Having learned so much from the 40,000 pupils who took part in our online safety survey earlier this year (read Hopes & Streams here), the LGfL DigiSafe team has now begun a series of focus groups in schools to find out a bit more about some of the issues raised. In our first school visit, we sat down with a group of Year 8 pupils in a leading London secondary and began to chew the online fat. Here’s a selection of the insights they shared. The analysis is deliberately brief to let the young people do the talking.
The quote says it all. Before starting our session properly, I asked what the pupils understand by the terms online and online safety, and soon I heard the quote above. We know that young people don’t have the same distinction between the ‘offline’ and ‘online’ worlds that adults do (actually I’m not sure adults do either apart from when they’re talking about children); but this emphasised how important it is to make sure that the language we use actually means something. For example, if our pupils can repeat back to us ‘five top tips for behaving online’ but don’t think YouTube or Snapchat are online, then they won’t apply those principles to what they do on such apps. That can’t be overly helpful!
There are so many resources out there, but if we pick the best ones, it may be true that someone else thought it was the best one last year as well. And if it’s ten years old (even if the message is still correct), then it might be time to move on and use something else as the impact will have been lost. Of course, this is easier said than done, but that’s why we are committed to releasing new research and new resources. And if you aren’t sure, ask your pupils if they’ve seen/done it before – if so, talk about what they think of it!
In Hopes & Streams, we found out that secondary students were 7 times more likely to be negative about online-safety education (specifically it being about scaring them), and the students reminded us that the more we tell them not to do something or use a certain app or website, the more likely they are to do it. That ties in well with our Scare or Prepare message to schools (read about that here).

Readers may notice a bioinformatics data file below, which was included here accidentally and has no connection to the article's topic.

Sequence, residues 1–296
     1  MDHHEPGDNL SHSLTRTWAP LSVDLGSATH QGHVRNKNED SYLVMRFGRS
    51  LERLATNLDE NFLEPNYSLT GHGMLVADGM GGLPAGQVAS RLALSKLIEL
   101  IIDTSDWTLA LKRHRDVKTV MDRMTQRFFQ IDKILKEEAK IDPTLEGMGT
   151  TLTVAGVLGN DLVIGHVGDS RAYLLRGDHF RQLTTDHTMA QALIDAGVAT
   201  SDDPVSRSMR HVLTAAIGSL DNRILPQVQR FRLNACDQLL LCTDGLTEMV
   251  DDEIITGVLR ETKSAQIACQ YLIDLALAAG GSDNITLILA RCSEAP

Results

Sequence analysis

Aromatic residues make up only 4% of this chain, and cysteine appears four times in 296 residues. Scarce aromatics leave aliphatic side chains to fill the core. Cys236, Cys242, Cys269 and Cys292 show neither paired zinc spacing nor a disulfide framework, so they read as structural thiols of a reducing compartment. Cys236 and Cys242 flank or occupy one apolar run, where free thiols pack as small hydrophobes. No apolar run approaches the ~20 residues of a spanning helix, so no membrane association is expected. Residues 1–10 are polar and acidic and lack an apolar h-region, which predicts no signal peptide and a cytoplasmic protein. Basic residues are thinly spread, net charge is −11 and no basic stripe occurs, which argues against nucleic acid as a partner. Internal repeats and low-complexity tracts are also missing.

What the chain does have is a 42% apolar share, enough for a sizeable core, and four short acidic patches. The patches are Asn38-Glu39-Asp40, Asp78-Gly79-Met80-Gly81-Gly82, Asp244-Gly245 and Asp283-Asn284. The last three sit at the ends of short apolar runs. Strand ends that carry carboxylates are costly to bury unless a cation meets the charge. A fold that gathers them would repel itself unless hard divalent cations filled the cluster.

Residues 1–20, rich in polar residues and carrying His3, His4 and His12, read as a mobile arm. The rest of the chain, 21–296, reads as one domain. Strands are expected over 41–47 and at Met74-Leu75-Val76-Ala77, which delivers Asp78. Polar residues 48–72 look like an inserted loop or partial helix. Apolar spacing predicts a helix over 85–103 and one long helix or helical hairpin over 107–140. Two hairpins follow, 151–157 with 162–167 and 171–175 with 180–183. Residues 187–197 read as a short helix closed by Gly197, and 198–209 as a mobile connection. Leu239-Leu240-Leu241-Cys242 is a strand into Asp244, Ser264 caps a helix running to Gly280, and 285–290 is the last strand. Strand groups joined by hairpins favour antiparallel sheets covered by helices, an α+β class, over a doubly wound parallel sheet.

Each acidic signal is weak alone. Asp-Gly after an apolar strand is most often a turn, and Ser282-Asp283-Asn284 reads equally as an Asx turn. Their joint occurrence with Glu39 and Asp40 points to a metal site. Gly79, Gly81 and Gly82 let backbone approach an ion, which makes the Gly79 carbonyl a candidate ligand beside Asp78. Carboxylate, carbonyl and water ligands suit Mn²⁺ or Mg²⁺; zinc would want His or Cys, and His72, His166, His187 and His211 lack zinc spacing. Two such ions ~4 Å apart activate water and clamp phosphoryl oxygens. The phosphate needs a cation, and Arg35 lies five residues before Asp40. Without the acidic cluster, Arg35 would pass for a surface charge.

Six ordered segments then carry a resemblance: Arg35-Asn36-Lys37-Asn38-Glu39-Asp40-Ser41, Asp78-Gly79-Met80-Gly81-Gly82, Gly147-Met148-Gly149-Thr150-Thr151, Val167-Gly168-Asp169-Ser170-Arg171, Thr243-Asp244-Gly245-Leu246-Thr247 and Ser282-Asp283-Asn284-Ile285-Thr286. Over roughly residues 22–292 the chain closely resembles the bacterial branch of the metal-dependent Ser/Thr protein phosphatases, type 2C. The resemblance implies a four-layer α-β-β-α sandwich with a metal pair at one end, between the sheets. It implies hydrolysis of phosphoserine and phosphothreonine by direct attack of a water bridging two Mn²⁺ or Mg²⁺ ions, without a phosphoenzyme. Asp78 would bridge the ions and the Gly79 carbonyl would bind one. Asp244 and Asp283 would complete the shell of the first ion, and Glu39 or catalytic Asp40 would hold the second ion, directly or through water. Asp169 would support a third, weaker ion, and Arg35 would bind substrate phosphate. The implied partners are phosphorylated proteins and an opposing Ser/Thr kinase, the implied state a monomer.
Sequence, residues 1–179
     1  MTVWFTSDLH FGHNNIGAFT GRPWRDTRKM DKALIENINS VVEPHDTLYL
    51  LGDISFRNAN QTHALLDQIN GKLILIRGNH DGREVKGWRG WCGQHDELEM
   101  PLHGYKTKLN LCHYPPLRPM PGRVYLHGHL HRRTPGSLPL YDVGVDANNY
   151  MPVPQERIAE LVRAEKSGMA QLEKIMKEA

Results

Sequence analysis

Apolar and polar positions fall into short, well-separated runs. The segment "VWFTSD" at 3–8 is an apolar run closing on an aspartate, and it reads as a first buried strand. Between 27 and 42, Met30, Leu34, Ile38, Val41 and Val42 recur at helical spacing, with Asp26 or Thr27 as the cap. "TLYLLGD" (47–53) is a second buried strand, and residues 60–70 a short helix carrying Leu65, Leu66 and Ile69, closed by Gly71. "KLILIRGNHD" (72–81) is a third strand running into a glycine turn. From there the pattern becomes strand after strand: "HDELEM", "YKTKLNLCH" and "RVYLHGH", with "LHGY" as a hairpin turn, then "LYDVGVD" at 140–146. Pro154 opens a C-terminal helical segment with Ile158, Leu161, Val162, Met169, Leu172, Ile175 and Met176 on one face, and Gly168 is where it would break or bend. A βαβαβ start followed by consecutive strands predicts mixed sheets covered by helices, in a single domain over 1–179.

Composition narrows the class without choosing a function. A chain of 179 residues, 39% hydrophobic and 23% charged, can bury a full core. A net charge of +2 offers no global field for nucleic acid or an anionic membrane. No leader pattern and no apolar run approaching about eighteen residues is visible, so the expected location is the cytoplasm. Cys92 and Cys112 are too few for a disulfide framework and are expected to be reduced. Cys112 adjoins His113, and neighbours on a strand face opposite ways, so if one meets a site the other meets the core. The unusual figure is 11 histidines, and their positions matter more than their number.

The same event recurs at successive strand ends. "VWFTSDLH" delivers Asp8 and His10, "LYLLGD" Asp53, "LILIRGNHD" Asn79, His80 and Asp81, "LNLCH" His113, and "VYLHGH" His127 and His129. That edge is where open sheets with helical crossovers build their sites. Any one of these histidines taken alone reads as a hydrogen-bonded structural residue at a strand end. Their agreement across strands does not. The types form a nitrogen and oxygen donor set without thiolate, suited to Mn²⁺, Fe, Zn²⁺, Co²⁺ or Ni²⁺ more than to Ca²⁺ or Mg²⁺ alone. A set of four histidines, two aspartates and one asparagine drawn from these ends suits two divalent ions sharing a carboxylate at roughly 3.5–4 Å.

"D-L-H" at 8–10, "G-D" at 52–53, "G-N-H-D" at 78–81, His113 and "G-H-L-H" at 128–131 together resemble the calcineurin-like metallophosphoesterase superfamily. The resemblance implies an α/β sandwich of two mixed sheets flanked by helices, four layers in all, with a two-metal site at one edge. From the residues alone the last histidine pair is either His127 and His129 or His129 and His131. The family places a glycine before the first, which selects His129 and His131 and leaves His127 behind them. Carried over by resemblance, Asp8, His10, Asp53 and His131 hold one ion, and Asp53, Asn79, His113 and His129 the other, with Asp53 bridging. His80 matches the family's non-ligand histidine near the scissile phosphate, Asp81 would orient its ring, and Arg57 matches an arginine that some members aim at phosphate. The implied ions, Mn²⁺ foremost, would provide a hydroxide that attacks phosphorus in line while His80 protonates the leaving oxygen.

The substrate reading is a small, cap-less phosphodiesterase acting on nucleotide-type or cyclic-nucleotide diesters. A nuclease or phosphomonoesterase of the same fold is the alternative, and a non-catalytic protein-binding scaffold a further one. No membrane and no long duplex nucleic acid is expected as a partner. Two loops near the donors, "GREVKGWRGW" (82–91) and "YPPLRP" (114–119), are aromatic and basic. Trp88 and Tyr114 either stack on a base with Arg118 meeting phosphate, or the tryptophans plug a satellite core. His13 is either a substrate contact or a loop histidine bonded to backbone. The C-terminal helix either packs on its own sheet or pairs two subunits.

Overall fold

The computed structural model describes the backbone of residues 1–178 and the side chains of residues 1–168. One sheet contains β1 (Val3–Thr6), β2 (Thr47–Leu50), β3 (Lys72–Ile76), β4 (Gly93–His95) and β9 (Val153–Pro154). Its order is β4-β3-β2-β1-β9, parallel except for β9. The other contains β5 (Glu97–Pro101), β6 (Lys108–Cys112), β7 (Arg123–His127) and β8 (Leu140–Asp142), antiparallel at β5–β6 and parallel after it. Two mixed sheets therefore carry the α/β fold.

It wasn’t that students didn’t want to talk about what goes on with social media or learn techniques for dealing with their online lives, but they were keen to say that teachers needed to listen first to what their realities were. I’m sure no teacher disagrees with that, but of course the pressures of fitting everything into the curriculum or school day makes it so hard – nonetheless, a useful reminder for us all.
I’ll give you one guess what the quote above referred to… That’s right, explicit images. When I asked what do teachers need to know more about, one student was quick to point out “peer pressure”, which led onto this quote. You can find resources, the official guidance and signposting at sexting.lgfl.net, but peer pressure covers so many more areas, and maybe schools might want to use this quote to talk in a safer context about being pressured to share something else (password, personal details, embarrassing picture of someone else, etc) to start a discussion about trust and critical thinking.
No discussion with young people would be complete without lots of mentions of Snapchat (YouTube, Instagram and Fortnite came up too, of course, but what we heard about Snap was very interesting). We talked about streaks (what’s that?) and it was no surprise that most of them had plenty – one student had them with 75 friends, some up to 500 days old – but that won’t surprise anyone. What was great to hear though, was that although they did some as soon as they got up, as soon as they got in from school and just before bed, they were capable of rationalising and being sensible too:
• For example, if he was in a hurry, student X would simply draw an ‘S’ on an image and send it to all 75 friends – job done for the day! Another said that her brother was in Year 11 (GCSE year) and so had stopped using the app. As so often, young people deserve more credit than they always receive.
• When asked about one of the excellent ‘5 Rights’ proposals to enforce default ‘streak holidays'(page 6 of this), the students were all in favour of this way to have a break but not lose out on the fun element.
• And don’t forget, Snapchat isn’t just about nudes and cat pics; one student reminded us that social media is a good thing because if he had forgotten the homework, he would use it to ask what it was and not get in trouble.
That’s what we think anyway. Do get in touch, share this blog (we’re @lgfldigisafe on Twitter and Facebook alike) and let us know what you think of the points above and how we can support schools in the light of these comments. And of course, tell us what you think we should cover in one of our next focus groups – we will be back in schools throughout the academic year to see what else we can find out for the benefit of schools.